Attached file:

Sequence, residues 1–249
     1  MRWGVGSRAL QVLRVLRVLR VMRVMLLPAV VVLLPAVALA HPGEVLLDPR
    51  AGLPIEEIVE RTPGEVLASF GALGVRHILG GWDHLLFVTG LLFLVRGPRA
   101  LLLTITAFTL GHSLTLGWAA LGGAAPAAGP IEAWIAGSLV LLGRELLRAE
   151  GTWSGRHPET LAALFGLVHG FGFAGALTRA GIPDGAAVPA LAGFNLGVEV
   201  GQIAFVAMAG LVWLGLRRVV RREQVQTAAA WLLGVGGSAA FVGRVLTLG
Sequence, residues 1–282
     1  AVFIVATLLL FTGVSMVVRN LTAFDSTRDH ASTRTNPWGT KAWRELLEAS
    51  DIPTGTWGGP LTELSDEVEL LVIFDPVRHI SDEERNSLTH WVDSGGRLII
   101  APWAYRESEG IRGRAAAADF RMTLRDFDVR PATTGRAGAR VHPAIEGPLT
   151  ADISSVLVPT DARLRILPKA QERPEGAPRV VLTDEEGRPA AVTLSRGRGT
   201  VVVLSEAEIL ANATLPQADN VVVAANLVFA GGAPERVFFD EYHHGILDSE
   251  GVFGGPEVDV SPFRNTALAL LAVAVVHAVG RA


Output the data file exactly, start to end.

Sequence, residues 1–249
     1  MRWGVGSRAL QVLRVLRVLR VMRVMLLPAV VVLLPAVALA HPGEVLLDPR
    51  AGLPIEEIVE RTPGEVLASF GALGVRHILG GWDHLLFVTG LLFLVRGPRA
   101  LLLTITAFTL GHSLTLGWAA LGGAAPAAGP IEAWIAGSLV LLGRELLRAE
   151  GTWSGRHPET LAALFGLVHG FGFAGALTRA GIPDGAAVPA LAGFNLGVEV
   201  GQIAFVAMAG LVWLGLRRVV RREQVQTAAA WLLGVGGSAA FVGRVLTLG
Sequence, residues 1–282
     1  AVFIVATLLL FTGVSMVVRN LTAFDSTRDH ASTRTNPWGT KAWRELLEAS
    51  DIPTGTWGGP LTELSDEVEL LVIFDPVRHI SDEERNSLTH WVDSGGRLII
   101  APWAYRESEG IRGRAAAADF RMTLRDFDVR PATTGRAGAR VHPAIEGPLT
   151  ADISSVLVPT DARLRILPKA QERPEGAPRV VLTDEEGRPA AVTLSRGRGT
   201  VVVLSEAEIL ANATLPQADN VVVAANLVFA GGAPERVFFD EYHHGILDSE
   251  GVFGGPEVDV SPFRNTALAL LAVAVVHAVG RA